Photography by Ryan Brekke
I know drinks have their secrets, but I have mine, too. Staring into the amber fog and coiling lemon twist of my Glasgow ($12) I can feel it begging me to reveal something confidential. Tell me about yourself first, I say. It mumbles its ingredients: scotch, vermouth, absinthe, bitters. That’s nothing, I respond. Even the menu could tell me that. Tell me something I don’t know. OK, the cocktail says, assuming the seducer’s voice. I haunt low-lit lounges with the sweet, rolling flavor of cherries. I’m fluent in the earthy taste of anise and conversational in the aroma of lemon. I hold the Glasgow eye level and rub my chin. That’s no secret either. Tell me something special. From its martini glass the Glasgow glints with mischief. OK, I’ll tell you one more thing. The liquor leans to the edge of the glass and whispers, I was once even in a feature story for the October 1937 issue of Esquire. Vain, self-loving drink, I give up! No more of your mystery; I’m ending this now! I take a long sip and immediately eat my words. The scotch’s smoke clouds my eyes, anise-rich absinthe and dry vermouth stretch out on my tongue, while a gentle frost builds along my throat as if to tell me to keep quiet. I’ve just been told a secret, a glorious one, but there’s no way I’m keeping it.
Eggplant Parmesan Pasty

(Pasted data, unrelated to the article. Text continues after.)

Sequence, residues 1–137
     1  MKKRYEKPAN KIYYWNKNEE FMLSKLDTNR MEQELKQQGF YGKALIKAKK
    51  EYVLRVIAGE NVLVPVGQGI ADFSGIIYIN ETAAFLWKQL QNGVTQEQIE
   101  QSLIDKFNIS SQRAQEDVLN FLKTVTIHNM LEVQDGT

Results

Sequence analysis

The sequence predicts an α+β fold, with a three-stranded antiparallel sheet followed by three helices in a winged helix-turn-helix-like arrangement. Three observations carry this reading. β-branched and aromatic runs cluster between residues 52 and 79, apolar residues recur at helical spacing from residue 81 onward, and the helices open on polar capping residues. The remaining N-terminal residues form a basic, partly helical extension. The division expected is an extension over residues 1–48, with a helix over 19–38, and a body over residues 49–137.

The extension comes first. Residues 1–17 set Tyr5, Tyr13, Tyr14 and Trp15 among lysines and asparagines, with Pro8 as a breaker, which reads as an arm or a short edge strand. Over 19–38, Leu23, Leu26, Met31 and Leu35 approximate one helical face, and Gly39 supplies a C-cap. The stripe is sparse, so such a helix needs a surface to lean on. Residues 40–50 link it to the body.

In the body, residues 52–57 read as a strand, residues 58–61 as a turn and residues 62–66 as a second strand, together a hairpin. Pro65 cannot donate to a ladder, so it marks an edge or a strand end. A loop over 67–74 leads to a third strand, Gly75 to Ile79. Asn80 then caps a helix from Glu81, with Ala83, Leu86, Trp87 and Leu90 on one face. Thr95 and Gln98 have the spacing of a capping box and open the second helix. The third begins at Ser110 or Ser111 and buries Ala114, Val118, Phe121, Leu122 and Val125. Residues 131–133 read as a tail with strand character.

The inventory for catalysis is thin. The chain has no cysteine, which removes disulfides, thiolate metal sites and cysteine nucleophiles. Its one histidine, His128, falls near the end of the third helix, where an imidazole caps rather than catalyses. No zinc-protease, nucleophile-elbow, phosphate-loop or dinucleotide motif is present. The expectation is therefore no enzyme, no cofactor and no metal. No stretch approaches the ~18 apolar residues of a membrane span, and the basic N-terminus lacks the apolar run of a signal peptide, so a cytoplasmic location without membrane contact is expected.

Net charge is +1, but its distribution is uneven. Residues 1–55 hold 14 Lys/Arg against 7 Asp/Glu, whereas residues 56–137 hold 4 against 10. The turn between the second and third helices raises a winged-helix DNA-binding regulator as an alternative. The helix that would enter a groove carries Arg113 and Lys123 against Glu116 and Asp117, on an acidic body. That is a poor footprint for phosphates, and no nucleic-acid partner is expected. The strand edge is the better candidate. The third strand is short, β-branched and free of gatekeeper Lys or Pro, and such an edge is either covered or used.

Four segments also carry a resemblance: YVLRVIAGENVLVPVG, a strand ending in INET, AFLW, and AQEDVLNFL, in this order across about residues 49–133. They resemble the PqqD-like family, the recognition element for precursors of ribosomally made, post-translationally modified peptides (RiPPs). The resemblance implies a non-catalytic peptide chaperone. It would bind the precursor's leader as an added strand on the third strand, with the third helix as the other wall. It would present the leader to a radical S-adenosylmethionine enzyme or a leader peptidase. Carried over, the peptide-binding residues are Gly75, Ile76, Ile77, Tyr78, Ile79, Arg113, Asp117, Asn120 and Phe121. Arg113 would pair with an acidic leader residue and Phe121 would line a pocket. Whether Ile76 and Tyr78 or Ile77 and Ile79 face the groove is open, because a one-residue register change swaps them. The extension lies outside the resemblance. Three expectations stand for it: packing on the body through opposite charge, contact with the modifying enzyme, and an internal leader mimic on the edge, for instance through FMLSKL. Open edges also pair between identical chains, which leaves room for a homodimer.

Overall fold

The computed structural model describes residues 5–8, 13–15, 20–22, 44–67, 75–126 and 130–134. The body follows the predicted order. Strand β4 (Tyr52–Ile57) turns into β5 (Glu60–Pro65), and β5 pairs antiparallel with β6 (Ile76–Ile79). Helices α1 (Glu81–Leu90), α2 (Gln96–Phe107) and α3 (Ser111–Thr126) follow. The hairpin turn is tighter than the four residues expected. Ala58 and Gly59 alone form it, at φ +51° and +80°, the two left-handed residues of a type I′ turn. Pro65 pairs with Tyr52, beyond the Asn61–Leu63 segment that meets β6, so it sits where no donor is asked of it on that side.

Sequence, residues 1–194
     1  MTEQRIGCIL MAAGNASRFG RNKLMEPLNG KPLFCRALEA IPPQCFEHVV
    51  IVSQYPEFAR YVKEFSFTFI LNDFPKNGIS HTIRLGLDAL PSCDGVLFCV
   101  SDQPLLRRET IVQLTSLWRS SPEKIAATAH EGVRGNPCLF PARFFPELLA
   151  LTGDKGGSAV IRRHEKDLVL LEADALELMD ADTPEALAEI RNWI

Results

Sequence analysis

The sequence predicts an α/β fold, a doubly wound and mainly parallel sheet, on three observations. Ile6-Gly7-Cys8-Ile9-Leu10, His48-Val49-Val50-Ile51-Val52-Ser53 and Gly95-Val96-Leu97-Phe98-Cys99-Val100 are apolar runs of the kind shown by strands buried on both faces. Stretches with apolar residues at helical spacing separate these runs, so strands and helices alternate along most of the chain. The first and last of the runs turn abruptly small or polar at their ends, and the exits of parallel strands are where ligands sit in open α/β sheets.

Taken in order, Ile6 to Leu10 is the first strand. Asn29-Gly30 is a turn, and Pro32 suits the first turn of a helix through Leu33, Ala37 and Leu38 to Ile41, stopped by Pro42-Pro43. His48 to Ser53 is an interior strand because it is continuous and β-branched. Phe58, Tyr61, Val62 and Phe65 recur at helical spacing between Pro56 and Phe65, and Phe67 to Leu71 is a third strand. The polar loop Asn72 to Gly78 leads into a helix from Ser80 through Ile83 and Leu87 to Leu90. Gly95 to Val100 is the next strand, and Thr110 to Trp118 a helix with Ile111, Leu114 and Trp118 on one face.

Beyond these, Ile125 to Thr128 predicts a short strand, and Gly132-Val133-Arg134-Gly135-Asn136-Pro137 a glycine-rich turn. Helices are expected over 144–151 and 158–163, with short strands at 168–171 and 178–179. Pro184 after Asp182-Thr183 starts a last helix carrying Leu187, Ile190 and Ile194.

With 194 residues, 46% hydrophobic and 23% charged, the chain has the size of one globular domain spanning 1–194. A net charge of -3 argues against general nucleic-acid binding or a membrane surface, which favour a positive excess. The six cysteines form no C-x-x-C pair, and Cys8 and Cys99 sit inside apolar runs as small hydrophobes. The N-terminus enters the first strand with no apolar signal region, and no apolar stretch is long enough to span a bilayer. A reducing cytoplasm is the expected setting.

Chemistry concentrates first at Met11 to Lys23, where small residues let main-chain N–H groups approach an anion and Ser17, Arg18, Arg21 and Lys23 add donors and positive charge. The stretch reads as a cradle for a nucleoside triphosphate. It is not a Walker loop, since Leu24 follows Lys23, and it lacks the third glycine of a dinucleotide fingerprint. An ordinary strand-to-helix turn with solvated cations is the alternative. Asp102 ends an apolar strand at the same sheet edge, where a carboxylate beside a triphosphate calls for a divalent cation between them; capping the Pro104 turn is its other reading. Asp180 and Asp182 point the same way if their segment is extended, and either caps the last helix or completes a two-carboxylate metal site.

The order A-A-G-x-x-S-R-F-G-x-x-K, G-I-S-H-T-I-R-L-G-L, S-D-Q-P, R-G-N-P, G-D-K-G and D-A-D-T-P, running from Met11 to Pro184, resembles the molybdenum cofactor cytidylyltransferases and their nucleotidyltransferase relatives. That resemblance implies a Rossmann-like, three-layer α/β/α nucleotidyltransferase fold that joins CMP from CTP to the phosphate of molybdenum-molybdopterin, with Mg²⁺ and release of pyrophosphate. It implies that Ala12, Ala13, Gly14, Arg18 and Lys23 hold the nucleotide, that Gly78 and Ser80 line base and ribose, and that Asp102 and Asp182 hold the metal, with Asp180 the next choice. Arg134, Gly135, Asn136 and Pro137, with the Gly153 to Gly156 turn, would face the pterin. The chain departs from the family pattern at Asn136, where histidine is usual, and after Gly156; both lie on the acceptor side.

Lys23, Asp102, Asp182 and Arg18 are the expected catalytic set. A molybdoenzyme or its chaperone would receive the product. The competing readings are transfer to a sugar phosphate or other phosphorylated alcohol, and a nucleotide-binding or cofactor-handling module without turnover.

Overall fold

It’s easy to regret becoming a writer when you write about food, especially when the food shows up in your dreams, and that’s no joke either. The night after tasting the Eggplant Parmesan Pasty ($10) I dreamt that I was back at Cornish Pasty Co. with dozens of these gliding by on tables all around me. It’s true I’ve tried several things off their menu since they moved to the Arts District, but neither my words nor my dreams can do justice to what it was like the first time I saw it, a stuffed pocket of bread, golden, flaking, cut in half and stacked like cross and rosary. Obviously, these things were invented as food for miners, because its diced broccoli, eggplant and zucchini glow like gems pulled from the deep. Drenched in marinara sauce, they even seem ruby studded. And like a final struggle against the treachery of my fork, a long string of white Parmesan cheese stretches across the plate. But there’s no stopping me. Once I taste it, I dig in. Veggies and cheese fill my stomach, feed my imagination, because imagination is the chief ingredient in these pasties, which proves something I’ve come to believe: to open a restaurant in downtown, where originality and culture nearly eclipse the Strip, you need to be creative beyond dreams.